How great thou art: Davenport parish aims to win traveling trophy – again

Catharine Flynn, left, helps Kay Steele paint a posada scene in the St. Anthony Parish-Davenport hall window last month.

By Anne Marie Amacher
The Catholic Messenger

DAVENPORT — Last year the windows of St. Anthony Parish glowed with a painted crèche scene of the Virgin Mary, St. Joseph and the baby Jesus in a manger. This year’s windows depict the events leading up to the Nativity, as part of a holiday display challenge sponsored by Downtown Davenport.

Kay Steele, the parish’s coordinator of religious education and an artist, describes the scene: “Our middle window shows the Virgin Mother and Joseph looking for shelter. The innkeeper comes out from his house and has his hand up indicating, ‘Don’t come in,’ but with his other hand, he points to the next window, which has the stable and a cow, a dog and a couple of sheep. The third window shows the Magi far off in the distance following the star, which stands over the stable.”

Parish staff chose the theme to “represent the posadas that our parish family celebrates for the nine days before Christmas day.” She researched the idea online to see “how other artists have represented it, and to take the parts that I like from each one. Since I showed a stable, I researched what kind of cows would have been around during Jesus’ lifetime. The same with the dog. I found that the Canaan dog was a dog breed popular in Jesus’ time.”


She drew the images on the window with a Sharpie marker and applied acrylic paint for color. “It’s very streaky on glass, which makes it good for doing the folds of cloth but not so good for other parts of the image. This year, most of the parts of the image were sponge painted. I used the edge of the sponge to make the hay.”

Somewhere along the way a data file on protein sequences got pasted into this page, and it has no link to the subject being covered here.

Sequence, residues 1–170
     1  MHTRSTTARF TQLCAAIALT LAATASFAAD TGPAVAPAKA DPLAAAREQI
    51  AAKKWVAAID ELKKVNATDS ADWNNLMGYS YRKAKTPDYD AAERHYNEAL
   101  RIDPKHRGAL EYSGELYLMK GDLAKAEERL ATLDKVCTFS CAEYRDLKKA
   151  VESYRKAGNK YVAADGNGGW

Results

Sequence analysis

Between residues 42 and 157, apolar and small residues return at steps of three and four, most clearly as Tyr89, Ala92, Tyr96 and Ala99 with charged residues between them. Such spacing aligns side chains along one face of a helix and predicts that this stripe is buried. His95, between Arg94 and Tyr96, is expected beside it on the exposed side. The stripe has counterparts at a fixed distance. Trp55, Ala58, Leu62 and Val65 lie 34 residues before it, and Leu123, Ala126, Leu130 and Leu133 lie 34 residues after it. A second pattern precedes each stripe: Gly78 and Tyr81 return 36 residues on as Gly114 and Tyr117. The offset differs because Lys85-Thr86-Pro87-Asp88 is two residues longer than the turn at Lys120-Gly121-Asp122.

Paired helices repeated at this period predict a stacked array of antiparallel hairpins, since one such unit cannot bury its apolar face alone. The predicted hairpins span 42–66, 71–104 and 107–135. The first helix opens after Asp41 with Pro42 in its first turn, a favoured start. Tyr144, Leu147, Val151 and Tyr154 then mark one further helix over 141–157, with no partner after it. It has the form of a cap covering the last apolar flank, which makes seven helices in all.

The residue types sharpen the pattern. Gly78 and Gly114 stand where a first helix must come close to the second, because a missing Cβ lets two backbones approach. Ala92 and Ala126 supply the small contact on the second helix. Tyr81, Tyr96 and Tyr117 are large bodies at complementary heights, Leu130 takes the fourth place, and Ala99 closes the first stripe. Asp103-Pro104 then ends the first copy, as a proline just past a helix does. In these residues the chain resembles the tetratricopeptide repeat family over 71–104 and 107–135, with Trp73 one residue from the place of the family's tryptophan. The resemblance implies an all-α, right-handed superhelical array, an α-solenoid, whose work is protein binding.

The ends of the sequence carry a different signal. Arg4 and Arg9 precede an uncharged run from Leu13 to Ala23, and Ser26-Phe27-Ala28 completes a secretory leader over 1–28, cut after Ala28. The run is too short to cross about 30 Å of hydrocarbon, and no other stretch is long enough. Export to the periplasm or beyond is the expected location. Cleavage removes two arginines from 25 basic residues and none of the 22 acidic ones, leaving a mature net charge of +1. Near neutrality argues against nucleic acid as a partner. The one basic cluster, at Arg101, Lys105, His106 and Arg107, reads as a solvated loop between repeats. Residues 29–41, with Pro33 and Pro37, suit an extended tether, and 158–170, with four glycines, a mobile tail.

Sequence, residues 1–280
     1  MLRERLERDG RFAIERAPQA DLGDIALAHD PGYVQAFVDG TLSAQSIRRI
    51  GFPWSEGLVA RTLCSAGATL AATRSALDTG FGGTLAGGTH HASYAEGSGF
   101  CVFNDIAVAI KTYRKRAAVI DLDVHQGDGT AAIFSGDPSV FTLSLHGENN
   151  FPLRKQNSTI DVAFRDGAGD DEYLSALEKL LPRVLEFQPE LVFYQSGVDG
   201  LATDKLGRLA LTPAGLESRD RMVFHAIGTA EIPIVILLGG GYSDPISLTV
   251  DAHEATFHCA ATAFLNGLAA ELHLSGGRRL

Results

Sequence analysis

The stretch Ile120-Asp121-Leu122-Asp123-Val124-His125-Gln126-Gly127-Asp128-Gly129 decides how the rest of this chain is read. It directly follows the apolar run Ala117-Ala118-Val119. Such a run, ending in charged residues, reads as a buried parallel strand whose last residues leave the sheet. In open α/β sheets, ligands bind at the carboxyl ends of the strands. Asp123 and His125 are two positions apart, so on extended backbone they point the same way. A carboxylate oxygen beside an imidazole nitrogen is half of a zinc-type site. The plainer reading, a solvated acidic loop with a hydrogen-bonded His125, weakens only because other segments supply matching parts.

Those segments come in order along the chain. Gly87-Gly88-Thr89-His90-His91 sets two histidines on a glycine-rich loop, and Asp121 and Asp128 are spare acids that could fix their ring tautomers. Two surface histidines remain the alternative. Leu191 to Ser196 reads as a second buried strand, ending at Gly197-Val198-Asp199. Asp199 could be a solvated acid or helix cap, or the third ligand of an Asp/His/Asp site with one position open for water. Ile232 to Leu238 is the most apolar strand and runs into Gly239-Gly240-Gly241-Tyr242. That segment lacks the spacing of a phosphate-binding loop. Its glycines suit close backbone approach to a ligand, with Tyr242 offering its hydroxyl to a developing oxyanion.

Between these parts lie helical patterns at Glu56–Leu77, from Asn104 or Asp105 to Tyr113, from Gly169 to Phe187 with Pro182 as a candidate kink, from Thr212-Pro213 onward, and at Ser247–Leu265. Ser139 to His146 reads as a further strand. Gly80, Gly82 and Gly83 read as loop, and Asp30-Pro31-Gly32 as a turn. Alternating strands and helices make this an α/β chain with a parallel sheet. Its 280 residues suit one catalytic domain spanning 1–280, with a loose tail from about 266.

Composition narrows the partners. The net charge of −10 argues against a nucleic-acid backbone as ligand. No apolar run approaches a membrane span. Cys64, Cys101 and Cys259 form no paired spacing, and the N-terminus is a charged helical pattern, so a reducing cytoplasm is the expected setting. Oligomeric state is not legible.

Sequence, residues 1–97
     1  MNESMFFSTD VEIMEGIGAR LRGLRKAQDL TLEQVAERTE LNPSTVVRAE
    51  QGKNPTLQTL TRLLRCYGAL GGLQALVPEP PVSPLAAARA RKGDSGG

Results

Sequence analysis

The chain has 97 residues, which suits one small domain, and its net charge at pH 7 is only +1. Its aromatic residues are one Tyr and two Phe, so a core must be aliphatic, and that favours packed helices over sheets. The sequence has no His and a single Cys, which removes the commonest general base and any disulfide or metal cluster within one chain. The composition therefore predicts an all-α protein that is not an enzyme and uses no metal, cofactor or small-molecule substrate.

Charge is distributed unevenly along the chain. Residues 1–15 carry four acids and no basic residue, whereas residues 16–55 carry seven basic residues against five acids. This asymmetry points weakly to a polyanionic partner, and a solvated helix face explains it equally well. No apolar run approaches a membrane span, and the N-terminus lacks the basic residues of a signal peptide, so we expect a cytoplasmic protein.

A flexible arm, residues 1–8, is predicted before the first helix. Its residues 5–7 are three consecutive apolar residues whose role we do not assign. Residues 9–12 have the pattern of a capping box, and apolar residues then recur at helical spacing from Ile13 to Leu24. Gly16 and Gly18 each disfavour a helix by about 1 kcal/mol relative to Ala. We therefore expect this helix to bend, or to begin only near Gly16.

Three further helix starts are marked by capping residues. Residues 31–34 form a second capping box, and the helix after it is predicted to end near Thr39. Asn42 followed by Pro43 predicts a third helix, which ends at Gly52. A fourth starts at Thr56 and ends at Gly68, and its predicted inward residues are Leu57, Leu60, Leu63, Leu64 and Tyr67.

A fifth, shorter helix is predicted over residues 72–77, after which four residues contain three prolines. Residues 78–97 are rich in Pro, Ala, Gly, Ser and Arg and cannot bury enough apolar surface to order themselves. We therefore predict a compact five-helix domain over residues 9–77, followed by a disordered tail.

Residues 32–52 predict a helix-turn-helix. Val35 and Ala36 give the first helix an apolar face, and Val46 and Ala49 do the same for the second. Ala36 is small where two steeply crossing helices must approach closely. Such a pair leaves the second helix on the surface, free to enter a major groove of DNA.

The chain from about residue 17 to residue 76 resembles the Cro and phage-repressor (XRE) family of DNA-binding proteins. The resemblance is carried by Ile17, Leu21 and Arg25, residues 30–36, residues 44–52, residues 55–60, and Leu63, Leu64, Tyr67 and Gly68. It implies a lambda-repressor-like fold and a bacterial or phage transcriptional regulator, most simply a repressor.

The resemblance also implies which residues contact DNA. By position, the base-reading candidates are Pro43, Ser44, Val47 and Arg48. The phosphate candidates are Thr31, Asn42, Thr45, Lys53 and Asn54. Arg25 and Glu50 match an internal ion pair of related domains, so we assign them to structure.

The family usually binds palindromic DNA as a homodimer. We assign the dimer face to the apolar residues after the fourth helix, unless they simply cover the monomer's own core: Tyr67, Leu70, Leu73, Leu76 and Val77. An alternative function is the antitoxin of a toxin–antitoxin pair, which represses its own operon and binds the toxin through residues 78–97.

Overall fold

Her friend, Catharine Flynn, worked on the lighting around a lantern that hangs on the outside of the stable, using yellow paint to represent the light and black paint to give it depth. “It was a really nice effect.”

Steele used a sponge for a stucco look to the stable and the innkeeper’s house. The trees, ground and paving stones are all sponge painted, along with the sandy hills of Bethlehem, which depict the Magi’s distance from the other windows’ scenes. Parish secretary Tina Wagschal and her son Christian finished the sky, sponging it dark blue. Stars created with white paint on a pencil eraser accented the sky.

“We always want it to look good inside the parish center as well as outside. I think many of the other windows in the contest are painted on the outside, but we want to be able to enjoy them both inside and outside,” Steele said.

Lights around the windows help with illumination. “Last year, we left the lights on inside the parish center. We may leave the lights on again this year. When we hang the Christmas star, it will be complete.”

The window display will remain for a week or two past the Feast of the Epiphany. Then volunteers will scrape off the paint. “I’ve told them that it would be much too painful for me to scrape it off, so as long as they are willing to clean up the windows and I don’t have to help or even see them doing it, I’ll continue painting them,” she laughed.

Last year St. Anthony won Downtown Davenport’s “Clark Griswold” Downtown Holiday Window display contest. Father Rudolph Juarez presented the award to Steele at the Christmas Eve Mass.

“Our parish center windows help remind us that Christ is the reason for the season,” St. Anthony Pastoral Associate John Cooper said in his weekly newsletter, referring to the Christmas window display.

Contest voting takes place through Jan. 1. Visit to cast your vote.

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